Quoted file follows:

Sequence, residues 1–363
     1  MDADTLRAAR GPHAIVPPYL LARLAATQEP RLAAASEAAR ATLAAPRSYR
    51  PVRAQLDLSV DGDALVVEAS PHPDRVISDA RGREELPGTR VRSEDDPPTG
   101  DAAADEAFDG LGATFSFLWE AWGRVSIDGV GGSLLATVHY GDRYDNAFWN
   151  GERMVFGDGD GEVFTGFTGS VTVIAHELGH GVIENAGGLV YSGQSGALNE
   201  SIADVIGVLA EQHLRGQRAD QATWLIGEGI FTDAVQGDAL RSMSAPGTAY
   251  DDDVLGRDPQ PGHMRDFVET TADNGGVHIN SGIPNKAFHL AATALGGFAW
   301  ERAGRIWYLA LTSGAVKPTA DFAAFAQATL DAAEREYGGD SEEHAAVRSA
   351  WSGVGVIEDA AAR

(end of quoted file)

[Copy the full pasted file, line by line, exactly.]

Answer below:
Sequence, residues 1–363
     1  MDADTLRAAR GPHAIVPPYL LARLAATQEP RLAAASEAAR ATLAAPRSYR
    51  PVRAQLDLSV DGDALVVEAS PHPDRVISDA RGREELPGTR VRSEDDPPTG
   101  DAAADEAFDG LGATFSFLWE AWGRVSIDGV GGSLLATVHY GDRYDNAFWN
   151  GERMVFGDGD GEVFTGFTGS VTVIAHELGH GVIENAGGLV YSGQSGALNE
   201  SIADVIGVLA EQHLRGQRAD QATWLIGEGI FTDAVQGDAL RSMSAPGTAY
   251  DDDVLGRDPQ PGHMRDFVET TADNGGVHIN SGIPNKAFHL AATALGGFAW
   301  ERAGRIWYLA LTSGAVKPTA DFAAFAQATL DAAEREYGGD SEEHAAVRSA
   351  WSGVGVIEDA AAR